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The female reproductive system regulates the hormonal changes responsible for puberty and adult reproductive function. Normal reproductive function in women requires the dynamic integration of hormonal signals from the hypothalamus, pituitary, and ovary, resulting in repetitive cycles of follicle development, ovulation, and preparation of the endometrial lining of the uterus for implantation should conception occur. It is critical to understand pubertal development in normal girls (and boys) as a yardstick for identifying precocious and delayed puberty.

For further discussion of related topics, see the following chapters: amenorrhea and pelvic pain (Chap. 386), infertility and contraception (Chap. 389), menopause (Chap. 388), disorders of sex development (Chap. 383), and disorders of the male reproductive system (Chap. 384).


The ovary orchestrates the development and release of a mature oocyte and secretes hormones (e.g., estrogen, progesterone, inhibins A and B, relaxin) that play critical roles in a variety of target tissues, including breast, bone, and uterus, in addition to the hypothalamus and pituitary. To achieve these functions in repeated monthly cycles, the ovary undergoes some of the most dynamic changes of any organ in the body. Primordial germ cells can be identified by the third week of gestation, and their migration to the genital ridge is complete by 6 weeks of gestation. Germ cells persist within the genital ridge, are then referred to as oogonia, and are essential for induction of ovarian development. In patients with 45,X Turner syndrome, primordial germ cells proliferate and migrate to the genital ridge, but do not persist as their survival requires the presence of pregranulosa cells that are dependent on the presence of both X chromosomes. (Chap. 383).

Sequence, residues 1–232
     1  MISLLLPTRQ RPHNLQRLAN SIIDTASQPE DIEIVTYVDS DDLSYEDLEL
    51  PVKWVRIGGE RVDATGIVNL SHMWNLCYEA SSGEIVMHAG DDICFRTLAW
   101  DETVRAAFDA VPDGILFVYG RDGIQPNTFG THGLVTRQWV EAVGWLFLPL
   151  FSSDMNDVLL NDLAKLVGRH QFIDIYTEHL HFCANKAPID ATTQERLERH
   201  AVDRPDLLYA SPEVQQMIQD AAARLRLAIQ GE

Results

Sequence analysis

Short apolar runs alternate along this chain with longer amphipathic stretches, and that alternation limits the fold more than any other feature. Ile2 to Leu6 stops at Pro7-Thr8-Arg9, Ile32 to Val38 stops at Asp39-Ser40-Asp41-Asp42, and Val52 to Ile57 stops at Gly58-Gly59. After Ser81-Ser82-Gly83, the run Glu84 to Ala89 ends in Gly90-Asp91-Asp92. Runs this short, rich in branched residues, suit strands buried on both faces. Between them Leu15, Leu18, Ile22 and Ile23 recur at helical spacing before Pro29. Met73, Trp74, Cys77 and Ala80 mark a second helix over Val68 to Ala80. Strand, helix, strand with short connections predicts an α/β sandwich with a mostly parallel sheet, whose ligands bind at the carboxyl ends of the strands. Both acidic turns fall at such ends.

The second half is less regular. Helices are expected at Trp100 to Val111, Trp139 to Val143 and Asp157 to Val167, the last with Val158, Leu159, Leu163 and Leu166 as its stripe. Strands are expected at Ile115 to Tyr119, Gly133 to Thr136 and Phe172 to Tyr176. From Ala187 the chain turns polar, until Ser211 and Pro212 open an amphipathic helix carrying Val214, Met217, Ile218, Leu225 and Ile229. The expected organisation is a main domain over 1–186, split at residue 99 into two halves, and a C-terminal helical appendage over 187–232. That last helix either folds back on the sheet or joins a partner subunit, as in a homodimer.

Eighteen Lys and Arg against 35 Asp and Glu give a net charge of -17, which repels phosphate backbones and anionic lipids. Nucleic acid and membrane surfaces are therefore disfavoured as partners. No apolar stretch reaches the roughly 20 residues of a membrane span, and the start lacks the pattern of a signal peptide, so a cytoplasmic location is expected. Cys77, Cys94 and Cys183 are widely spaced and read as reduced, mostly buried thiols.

The germ cell population expands, and starting at ~8 weeks of gestation, oogonia begin to enter prophase of the first meiotic division and become primary oocytes. This allows the oocyte to be surrounded by a single layer of flattened granulosa cells to form a primordial follicle (Fig. 385-1). Granulosa cells are derived from mesonephric cells that invade the ovary early in its development, pushing the germ cells to the periphery. Although there is evidence that both oocyte-like cells and follicle-like structures can form from embryonic stem cells in culture, there is, as yet, no clear evidence that this occurs in vivo and thus, the ovary appears to contain a nonrenewable pool of germ cells. Through the combined processes of mitosis, meiosis, and atresia, the population of oogonia reaches its maximum of 6–7 million by 20 weeks of gestation, after which there is a progressive loss of both oogonia and primordial follicles through the process of atresia. It appears that entry into meiosis provides some degree of protection from programmed cell death. At birth, oogonia are no longer present in the ovary, and only 1–2 ...

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